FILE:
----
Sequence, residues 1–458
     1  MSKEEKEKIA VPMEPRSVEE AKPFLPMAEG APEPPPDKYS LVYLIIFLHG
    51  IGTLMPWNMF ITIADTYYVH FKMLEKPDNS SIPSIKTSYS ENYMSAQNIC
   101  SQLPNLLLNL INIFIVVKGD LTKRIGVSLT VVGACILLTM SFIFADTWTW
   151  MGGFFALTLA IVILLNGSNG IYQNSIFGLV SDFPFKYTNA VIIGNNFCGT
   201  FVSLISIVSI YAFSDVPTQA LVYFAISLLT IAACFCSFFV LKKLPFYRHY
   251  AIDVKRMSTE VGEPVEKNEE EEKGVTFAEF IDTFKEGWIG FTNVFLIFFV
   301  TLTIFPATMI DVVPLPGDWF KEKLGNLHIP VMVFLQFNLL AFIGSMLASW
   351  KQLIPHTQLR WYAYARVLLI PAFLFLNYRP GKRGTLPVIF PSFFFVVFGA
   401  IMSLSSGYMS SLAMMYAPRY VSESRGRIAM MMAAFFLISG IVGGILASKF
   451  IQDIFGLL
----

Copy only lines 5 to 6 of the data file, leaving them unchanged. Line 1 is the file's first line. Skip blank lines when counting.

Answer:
   151  MGGFFALTLA IVILLNGSNG IYQNSIFGLV SDFPFKYTNA VIIGNNFCGT
   201  FVSLISIVSI YAFSDVPTQA LVYFAISLLT IAACFCSFFV LKKLPFYRHY